Daoist Novels about the Occult
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Daoist Novels about the Occult are works recording deities' unusual deeds and their influence on the basis of Daoist ideas. They belong to a genre of Chinese traditional novels about the occult and are a genre of Daoist novels.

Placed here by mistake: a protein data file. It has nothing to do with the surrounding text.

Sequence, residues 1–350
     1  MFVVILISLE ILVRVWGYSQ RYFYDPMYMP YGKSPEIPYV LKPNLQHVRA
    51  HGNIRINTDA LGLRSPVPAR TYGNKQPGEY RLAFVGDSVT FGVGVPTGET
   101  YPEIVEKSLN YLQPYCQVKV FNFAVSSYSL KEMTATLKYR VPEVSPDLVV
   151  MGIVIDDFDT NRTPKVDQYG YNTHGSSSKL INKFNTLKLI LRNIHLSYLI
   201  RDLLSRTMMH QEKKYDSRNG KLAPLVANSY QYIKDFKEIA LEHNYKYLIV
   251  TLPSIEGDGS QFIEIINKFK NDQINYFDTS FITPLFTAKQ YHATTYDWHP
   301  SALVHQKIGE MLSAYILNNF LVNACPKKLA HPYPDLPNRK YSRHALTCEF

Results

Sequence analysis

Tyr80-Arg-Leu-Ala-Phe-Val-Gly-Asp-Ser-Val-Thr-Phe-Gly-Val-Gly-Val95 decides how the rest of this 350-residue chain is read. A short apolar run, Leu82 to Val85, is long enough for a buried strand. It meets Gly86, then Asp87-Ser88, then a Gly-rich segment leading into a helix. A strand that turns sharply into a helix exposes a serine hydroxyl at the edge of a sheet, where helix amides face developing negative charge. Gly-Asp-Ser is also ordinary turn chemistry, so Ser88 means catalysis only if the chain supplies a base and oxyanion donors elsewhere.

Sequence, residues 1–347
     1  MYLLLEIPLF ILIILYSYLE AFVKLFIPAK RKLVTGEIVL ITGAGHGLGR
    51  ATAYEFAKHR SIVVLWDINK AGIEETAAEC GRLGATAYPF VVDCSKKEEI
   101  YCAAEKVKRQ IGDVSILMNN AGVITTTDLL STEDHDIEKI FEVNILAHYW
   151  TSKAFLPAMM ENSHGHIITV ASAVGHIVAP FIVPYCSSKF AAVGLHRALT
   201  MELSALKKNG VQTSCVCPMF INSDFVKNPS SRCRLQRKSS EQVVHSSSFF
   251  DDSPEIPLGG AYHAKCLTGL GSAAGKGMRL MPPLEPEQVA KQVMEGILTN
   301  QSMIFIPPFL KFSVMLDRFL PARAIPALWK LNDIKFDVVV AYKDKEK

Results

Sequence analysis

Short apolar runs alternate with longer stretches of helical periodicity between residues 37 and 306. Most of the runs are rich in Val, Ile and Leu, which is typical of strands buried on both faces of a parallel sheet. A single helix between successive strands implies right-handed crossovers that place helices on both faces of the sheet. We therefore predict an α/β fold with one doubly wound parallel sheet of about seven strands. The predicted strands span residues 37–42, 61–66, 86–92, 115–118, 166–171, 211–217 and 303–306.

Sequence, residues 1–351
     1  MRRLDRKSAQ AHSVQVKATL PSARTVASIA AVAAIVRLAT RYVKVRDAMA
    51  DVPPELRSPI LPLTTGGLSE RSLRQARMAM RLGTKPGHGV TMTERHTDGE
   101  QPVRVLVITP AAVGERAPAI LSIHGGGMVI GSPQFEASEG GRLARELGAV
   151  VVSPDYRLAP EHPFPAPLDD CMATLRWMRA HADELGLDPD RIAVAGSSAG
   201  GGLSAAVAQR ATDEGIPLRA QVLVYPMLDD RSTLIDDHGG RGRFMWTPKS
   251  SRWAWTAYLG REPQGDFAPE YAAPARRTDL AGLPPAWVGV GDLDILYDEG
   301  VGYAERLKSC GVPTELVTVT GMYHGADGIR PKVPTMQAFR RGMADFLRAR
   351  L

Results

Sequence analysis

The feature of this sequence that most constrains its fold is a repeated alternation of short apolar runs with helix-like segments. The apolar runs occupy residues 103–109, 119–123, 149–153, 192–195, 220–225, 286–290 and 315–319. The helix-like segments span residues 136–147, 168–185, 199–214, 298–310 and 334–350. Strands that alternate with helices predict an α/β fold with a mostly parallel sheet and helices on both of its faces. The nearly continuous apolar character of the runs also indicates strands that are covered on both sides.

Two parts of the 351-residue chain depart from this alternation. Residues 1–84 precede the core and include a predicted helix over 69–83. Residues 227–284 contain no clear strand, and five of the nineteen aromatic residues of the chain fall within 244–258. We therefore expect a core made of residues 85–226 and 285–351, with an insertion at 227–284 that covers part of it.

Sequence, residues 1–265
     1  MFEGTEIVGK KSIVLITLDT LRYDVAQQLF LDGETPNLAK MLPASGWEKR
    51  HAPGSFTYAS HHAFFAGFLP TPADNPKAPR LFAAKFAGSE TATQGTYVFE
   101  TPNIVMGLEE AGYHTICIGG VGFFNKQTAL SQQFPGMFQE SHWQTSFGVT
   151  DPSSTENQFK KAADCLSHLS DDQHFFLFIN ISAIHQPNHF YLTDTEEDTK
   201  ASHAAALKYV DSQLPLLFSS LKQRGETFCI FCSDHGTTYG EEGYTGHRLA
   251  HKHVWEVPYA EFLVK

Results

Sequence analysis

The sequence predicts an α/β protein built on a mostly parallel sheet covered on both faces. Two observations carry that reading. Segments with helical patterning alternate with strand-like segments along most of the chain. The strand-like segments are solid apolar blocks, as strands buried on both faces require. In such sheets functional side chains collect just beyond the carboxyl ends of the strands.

The word "occult" first appeared in the chapter "Unfettered Excursion ( 逍遙遊 Xiaoyaoyou ) " in The Book of Master Zhuang ( 莊子 Zhuangzi ), which says, "The fables of Qi are records of the occult". Later "the occult" became a general term for works that record supernatural tales about deities, immortals, demons and goblins. Historically, myths, immortal legends and geographical stories constitute the three origins of novels of the occult. Besides this, primitive Shamanism and the theory of Yin, Yang and the Five Agents ( 五行 Wuxing ) are ideological sources. For these reasons, there are countless ties between novels of the occult and Daoism of later ages. Daoist novels of the occult gradually took shape in the works of ancient times, such as The Book of Master Zhuang, The Book of Mountains and Seas ( 山海經 Shanhai Jing ), and the Fragmented Records Found in the Tomb of Ji. In the Han dynasty, stories of Esoteric Speculations ( 讖緯 Chenwei ) became popular and Shamanism began to prevail. Society was in an atmosphere of immortality seeking, which then turned to be the theme of novel creation. All kinds of occult tales of this theme came out one after another. The exotic countries and people and strange scenery depicted in The Map of the Whole Region ( 括地圖 Kuodi Tu ), The Book of Divine Miracles ( 神異經 Shenyi Jing ), The Tale of Entering the Netherworld ( 洞冥記 Dongming Ji ), the Record of the Ten Continents ( 十洲記 Shizhou Ji ), etc. provide source materials for the subsequent depictions of the immortal world in Daoist novels of the occult. For example, they are the chief source of the extraordinary sight of Grotto Heavens and Blissful Realms in the novels. The Chinese literature of the Wei and Jin periods had a strong mystical flavor. The Daoist spirit, which contains Laozi's and Zhuangzi's philosophy and metaphysics, became the spiritual prop of generations of literati in the Wei and Jin dynasties. They took great pains to display their ideal of seeking immortality in their works. Chapters in Zhang Hua's Jottings of Rarities and Miscellaneous Stories ( 博物志 Bowu Zhi ), Guo Pu's Records of Mystery, Cao Pi's Biographies of the Marvellous ( 列異傳 Lieyi Zhuan ), and Gan Bao's Investigations into the Divine ( 搜神記 Soushen Ji ) formed the style and features of the splendid array of Daoist novels of the occult of the Wei and Jin dynasties. Due to the authors' admiration for immortals, tales of mystical spirits, exotic countries and people, Magical Arts ( 法術 Fashu ) and Divination ( 占卜 Zhanbu ) concerning immortals usually became the main content of the stories.